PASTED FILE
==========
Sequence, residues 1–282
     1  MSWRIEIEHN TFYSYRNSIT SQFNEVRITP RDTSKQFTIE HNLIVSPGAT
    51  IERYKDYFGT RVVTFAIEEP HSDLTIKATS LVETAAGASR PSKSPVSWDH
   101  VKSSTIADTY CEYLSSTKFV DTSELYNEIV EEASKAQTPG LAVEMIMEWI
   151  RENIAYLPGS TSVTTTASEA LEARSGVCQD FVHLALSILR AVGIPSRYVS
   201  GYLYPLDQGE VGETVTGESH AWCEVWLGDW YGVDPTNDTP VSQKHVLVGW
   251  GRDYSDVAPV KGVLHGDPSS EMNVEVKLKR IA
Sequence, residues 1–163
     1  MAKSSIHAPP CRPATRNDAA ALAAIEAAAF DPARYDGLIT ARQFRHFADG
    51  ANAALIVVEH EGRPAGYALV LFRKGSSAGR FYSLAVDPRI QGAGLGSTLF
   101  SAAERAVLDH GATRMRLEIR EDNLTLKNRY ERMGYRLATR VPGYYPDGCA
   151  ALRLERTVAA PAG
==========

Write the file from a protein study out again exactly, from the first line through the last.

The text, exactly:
Sequence, residues 1–282
     1  MSWRIEIEHN TFYSYRNSIT SQFNEVRITP RDTSKQFTIE HNLIVSPGAT
    51  IERYKDYFGT RVVTFAIEEP HSDLTIKATS LVETAAGASR PSKSPVSWDH
   101  VKSSTIADTY CEYLSSTKFV DTSELYNEIV EEASKAQTPG LAVEMIMEWI
   151  RENIAYLPGS TSVTTTASEA LEARSGVCQD FVHLALSILR AVGIPSRYVS
   201  GYLYPLDQGE VGETVTGESH AWCEVWLGDW YGVDPTNDTP VSQKHVLVGW
   251  GRDYSDVAPV KGVLHGDPSS EMNVEVKLKR IA
Sequence, residues 1–163
     1  MAKSSIHAPP CRPATRNDAA ALAAIEAAAF DPARYDGLIT ARQFRHFADG
    51  ANAALIVVEH EGRPAGYALV LFRKGSSAGR FYSLAVDPRI QGAGLGSTLF
   101  SAAERAVLDH GATRMRLEIR EDNLTLKNRY ERMGYRLATR VPGYYPDGCA
   151  ALRLERTVAA PAG